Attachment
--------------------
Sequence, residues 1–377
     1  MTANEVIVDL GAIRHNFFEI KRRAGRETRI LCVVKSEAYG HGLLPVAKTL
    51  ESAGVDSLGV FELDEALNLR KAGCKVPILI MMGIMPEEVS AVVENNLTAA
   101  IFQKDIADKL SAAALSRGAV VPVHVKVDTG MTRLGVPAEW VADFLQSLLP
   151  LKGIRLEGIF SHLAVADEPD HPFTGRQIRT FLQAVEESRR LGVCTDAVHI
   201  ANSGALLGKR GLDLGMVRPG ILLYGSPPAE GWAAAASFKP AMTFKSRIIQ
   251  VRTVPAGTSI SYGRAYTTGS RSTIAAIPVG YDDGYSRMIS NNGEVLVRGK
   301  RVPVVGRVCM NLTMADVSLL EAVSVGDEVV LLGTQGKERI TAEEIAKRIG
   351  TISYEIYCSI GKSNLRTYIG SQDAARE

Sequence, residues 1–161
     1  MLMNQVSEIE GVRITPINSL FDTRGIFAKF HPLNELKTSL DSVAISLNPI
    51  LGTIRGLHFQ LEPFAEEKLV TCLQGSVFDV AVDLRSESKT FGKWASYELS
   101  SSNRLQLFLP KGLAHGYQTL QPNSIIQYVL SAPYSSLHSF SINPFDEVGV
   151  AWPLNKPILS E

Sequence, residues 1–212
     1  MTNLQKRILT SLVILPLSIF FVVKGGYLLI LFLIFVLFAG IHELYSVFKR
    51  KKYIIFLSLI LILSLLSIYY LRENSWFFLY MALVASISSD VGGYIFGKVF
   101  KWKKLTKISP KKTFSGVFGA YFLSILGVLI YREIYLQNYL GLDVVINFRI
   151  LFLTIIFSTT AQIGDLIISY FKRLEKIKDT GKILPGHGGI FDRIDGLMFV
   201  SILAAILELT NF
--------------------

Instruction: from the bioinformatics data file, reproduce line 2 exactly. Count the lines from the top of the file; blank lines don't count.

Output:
     1  MTANEVIVDL GAIRHNFFEI KRRAGRETRI LCVVKSEAYG HGLLPVAKTL